Spanish Integrations is working on a unit combining foods and holiday/celebrations. They've been looking at products (mainly dishes) and practices (food production and foods served) during different holidays/celebrations in the Spanish-speaking world. Students are beginning to discuss how these products and practices inform our understanding of a culture's perspectives (i.e., what they value). The Integrations students are narrating a celebration they've had or a dish they've made (perhaps for a celebration) within the past 6 months. Some students are really stretching themselves here, practicing speaking spontaneously without a script to communicate their ideas albeit imperfectly. Spontaneous speech is always the most difficult to develop, and takes a very long time, so they all—even those who prepare a script for themselves—deserve some kudos. Finally, Integrations students listened to a song and video performance by Mexican folkloric singer Lila Downs, called La Cumbia del mole, and corrected mistakes that High School Spanish teacher Trish had intentionally made in the song lyrics based on what they heard. The Spanish program has also welcomed virtual guests. Several parents (and a GDS teacher) generously offered to be guest speakers to share with students their experiences with military Juntas in South America when they were living in their countries of birth. The conversations have connected to the classes’ study of dictatorships in Latin America, the Dirty War, Operation Condor, etc. Visitors discussed the military junta in Peru, dictatorship in Brazil, and the military fascist regime in Argentina.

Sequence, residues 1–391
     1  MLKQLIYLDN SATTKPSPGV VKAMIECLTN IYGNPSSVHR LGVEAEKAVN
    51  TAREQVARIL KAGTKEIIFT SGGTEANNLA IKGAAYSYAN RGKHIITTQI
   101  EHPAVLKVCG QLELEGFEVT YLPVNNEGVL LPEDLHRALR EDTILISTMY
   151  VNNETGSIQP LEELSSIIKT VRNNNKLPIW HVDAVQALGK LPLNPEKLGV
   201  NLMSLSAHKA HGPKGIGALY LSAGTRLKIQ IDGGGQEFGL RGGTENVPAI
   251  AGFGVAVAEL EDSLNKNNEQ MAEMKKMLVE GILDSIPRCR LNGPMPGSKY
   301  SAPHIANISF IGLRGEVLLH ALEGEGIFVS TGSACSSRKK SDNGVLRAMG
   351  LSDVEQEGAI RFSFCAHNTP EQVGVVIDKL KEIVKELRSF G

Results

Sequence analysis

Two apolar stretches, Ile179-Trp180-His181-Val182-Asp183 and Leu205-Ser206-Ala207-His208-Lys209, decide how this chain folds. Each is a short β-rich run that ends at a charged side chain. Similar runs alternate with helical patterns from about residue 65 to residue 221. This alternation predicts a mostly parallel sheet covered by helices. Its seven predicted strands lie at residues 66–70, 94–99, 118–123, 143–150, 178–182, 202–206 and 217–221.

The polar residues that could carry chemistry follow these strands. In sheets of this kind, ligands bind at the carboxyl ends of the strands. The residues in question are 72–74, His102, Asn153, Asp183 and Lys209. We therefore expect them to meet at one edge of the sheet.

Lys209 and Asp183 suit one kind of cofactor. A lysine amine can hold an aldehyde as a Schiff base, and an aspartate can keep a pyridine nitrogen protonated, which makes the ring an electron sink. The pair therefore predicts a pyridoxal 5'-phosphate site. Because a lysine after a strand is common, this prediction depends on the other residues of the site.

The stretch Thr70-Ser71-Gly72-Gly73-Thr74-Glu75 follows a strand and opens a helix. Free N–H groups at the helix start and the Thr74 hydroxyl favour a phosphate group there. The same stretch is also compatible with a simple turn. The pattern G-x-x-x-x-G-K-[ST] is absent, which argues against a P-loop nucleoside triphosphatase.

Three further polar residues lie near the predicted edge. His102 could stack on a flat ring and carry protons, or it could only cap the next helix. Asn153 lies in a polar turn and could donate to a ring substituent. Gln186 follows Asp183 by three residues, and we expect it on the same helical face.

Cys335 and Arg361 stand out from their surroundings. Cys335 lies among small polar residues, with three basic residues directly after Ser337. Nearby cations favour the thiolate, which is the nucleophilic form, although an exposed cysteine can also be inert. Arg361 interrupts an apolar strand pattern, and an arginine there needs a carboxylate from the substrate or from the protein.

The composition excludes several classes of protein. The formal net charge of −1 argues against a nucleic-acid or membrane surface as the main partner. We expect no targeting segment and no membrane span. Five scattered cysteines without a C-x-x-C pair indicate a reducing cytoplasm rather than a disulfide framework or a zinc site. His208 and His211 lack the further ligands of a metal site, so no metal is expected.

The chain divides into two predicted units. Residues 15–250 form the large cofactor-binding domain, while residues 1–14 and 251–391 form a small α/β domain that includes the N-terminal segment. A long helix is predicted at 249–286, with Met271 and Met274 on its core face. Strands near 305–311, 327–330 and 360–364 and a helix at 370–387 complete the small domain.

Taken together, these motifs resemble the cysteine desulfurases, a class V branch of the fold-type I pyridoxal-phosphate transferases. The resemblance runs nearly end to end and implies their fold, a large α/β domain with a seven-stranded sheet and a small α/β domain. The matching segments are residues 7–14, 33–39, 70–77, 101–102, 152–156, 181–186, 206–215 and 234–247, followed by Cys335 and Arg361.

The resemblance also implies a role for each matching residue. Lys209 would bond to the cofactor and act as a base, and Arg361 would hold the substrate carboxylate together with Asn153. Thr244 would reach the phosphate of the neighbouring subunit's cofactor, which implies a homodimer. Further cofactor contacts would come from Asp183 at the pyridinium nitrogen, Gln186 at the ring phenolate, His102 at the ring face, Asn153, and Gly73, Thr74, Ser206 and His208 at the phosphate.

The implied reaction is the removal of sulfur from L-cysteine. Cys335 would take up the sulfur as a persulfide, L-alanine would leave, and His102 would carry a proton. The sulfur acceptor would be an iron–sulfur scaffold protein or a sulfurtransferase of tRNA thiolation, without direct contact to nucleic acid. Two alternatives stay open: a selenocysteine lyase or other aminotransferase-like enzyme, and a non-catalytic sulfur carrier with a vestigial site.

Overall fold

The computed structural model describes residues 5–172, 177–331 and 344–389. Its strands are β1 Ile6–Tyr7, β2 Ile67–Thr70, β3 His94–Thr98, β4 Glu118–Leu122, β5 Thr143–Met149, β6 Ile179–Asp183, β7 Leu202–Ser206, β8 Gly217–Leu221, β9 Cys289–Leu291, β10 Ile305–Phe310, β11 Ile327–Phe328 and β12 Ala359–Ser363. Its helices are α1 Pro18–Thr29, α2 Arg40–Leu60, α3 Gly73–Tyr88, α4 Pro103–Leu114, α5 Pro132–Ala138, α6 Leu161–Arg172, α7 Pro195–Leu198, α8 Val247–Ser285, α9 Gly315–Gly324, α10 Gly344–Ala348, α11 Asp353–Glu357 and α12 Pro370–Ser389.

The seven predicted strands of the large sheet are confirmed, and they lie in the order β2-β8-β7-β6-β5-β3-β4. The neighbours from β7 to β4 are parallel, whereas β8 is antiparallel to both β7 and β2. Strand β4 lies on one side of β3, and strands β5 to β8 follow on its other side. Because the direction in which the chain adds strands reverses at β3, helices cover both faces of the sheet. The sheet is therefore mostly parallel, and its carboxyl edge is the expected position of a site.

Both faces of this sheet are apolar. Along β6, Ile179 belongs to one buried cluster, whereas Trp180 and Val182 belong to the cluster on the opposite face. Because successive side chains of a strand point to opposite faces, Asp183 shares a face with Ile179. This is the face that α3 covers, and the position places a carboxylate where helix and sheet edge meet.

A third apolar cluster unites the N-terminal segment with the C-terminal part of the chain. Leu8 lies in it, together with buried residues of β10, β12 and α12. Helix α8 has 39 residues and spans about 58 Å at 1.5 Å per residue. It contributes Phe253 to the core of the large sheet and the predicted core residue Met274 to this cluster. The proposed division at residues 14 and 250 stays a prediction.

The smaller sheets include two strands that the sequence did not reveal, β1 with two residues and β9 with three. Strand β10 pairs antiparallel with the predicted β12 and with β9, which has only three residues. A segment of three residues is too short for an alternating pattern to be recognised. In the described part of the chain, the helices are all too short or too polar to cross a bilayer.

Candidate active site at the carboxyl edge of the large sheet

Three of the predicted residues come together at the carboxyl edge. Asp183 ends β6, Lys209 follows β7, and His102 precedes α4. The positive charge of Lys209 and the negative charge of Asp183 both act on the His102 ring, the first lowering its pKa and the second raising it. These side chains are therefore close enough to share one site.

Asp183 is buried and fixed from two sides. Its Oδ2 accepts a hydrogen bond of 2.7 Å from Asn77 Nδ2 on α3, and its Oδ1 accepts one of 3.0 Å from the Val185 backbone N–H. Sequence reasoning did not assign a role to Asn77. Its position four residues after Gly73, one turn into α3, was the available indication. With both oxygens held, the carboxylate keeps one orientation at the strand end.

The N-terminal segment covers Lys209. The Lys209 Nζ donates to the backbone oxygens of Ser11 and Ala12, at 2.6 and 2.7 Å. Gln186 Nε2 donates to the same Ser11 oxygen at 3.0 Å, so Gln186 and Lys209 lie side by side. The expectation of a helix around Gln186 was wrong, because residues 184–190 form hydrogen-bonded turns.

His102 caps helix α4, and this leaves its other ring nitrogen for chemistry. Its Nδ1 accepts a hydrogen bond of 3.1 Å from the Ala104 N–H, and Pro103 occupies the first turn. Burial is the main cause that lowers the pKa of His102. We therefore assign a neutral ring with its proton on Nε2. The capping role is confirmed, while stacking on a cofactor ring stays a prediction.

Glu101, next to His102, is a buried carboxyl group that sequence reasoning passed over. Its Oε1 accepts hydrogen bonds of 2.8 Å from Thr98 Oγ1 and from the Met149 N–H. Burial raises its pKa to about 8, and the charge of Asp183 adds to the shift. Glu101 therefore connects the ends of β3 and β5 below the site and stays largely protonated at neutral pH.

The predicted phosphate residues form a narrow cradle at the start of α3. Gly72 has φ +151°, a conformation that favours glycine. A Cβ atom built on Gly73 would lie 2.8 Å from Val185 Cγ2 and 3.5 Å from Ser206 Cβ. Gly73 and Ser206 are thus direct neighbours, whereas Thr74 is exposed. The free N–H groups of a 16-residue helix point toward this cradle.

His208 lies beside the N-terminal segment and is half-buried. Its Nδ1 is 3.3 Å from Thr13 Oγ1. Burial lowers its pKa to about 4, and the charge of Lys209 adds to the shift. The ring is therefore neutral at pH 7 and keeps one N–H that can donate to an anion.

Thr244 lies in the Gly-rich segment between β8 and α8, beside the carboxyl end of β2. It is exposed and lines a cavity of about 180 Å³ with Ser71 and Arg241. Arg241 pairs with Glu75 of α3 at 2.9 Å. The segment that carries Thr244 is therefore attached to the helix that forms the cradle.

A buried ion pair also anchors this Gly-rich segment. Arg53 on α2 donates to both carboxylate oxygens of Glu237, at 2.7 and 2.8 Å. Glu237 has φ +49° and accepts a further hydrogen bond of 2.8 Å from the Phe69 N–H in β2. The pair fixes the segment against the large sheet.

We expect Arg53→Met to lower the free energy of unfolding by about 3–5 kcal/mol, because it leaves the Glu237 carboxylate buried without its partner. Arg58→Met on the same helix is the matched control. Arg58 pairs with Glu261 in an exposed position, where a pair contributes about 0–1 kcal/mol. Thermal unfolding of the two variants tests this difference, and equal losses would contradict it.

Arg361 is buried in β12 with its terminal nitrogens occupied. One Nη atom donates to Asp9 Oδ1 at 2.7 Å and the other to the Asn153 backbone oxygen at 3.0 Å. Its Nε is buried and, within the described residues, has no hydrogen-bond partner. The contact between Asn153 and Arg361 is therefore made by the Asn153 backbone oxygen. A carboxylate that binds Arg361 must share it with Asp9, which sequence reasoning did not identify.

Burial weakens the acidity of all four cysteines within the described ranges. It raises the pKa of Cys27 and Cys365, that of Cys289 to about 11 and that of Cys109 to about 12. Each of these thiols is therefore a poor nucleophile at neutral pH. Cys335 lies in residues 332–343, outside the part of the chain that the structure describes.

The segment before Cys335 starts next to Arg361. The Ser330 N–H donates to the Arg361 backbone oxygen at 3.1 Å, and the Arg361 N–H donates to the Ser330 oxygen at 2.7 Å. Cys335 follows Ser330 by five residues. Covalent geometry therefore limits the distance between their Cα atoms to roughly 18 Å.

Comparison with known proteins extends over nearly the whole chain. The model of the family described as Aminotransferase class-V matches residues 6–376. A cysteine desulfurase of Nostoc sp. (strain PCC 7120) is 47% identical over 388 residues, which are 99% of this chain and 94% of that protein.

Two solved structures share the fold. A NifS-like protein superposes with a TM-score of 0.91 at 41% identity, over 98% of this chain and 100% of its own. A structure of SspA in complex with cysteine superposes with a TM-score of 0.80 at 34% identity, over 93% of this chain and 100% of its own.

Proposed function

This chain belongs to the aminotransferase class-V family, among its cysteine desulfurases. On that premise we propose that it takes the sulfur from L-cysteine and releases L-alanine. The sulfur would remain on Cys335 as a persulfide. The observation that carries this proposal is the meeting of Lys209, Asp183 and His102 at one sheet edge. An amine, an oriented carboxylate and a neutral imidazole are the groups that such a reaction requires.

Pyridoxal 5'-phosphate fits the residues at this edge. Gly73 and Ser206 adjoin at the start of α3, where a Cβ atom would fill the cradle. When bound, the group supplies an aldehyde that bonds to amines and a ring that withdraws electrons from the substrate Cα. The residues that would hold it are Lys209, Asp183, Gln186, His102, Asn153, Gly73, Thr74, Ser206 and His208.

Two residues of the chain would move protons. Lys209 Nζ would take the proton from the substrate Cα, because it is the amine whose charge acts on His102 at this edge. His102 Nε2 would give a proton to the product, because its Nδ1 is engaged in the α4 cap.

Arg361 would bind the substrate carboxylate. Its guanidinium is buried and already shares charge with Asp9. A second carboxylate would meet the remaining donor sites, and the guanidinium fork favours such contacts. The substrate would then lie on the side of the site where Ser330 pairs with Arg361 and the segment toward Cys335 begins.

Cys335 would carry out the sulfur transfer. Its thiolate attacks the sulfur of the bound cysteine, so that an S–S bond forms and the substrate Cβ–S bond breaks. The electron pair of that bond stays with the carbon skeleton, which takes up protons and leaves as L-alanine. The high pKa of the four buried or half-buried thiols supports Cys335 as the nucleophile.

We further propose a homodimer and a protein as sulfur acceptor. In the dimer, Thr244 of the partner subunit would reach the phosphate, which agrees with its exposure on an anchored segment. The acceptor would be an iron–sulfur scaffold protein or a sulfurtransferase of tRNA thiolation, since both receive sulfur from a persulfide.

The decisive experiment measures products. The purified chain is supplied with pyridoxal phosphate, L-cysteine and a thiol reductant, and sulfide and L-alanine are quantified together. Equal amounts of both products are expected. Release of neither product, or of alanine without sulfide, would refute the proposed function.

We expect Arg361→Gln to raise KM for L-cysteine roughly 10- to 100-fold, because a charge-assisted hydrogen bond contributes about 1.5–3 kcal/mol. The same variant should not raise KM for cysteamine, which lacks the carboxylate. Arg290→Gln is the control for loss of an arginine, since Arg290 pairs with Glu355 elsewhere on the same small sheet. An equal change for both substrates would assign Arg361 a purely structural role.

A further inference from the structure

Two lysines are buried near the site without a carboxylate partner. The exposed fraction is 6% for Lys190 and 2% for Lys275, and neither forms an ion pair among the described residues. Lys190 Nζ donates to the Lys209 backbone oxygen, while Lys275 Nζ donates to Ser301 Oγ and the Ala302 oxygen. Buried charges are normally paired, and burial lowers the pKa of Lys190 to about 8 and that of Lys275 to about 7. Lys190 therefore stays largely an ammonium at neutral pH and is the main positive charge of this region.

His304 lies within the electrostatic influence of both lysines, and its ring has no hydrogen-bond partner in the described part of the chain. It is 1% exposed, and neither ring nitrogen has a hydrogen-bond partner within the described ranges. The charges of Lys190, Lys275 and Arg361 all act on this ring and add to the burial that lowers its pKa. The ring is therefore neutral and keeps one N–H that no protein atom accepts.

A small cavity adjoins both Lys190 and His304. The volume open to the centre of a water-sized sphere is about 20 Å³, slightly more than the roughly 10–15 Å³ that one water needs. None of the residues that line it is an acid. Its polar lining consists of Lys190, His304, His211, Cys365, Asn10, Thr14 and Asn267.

Thanks to Trish and Maribel for providing these updates.


Digital tools are integrated with discussions, presentations, and storytelling projects in Chinese courses. In addition to more traditional methods of class discussions, students engage with online discussion forums and create final digital storytelling projects: websites in Chinese containing their work from the year. The goal of this digitalization course development is to promote engagement of students in a non-traditional format and increase efficiency of Chinese language learning in and out of class, online and offline, to the greatest extent possible. By offering these digital platforms, the instructor can reach students outside the classroom walls, which has proven invaluable during distance learning. Students’ final projects are published in Grasshopper Chinese Journal at GDS. In 2019 and 2020 respectively, three and four students' final projects were also published in this top national journal for Chinese language learners in North America alongside students from Williams College, Brown University, Georgetown University, Johns Hopkins University, Rutgers University, Duke University, etc. The JUHE Supplement 2020 has been published! Thanks to Min Wang for sending these updates.



Right before we left GDS in March, three Latin classes took the National Latin Exam. High School Latin teacher Nicola McCutcheon didn’t have any previous experience with students sitting for the exam, but she was pleased with the results: 11 out of 25 students received awards for scoring above the national average.

Congratulations to:

  • Gold Summa Cum Laude - Arthur Delot-Vilain ’21
  • Silver Maxima Cum Laude - Nino Imbroscio ’21, Megna Ratnapuri ’21, Milo Borek ’23
  • Magna Cum Laude - Josh Marchand ’20, Oakley Winters ’22, Simrin Reed ’22
  • Cum Laude - Halle McLean ’20, Matt Mason ’21, Nikhil Klass ’21, Leo Cooper ‘22

“I am so proud of them and all their hard work this year, and they are definitely deserving of some recognition and hype from the GDS community in this strange and isolated time!” Nicola said.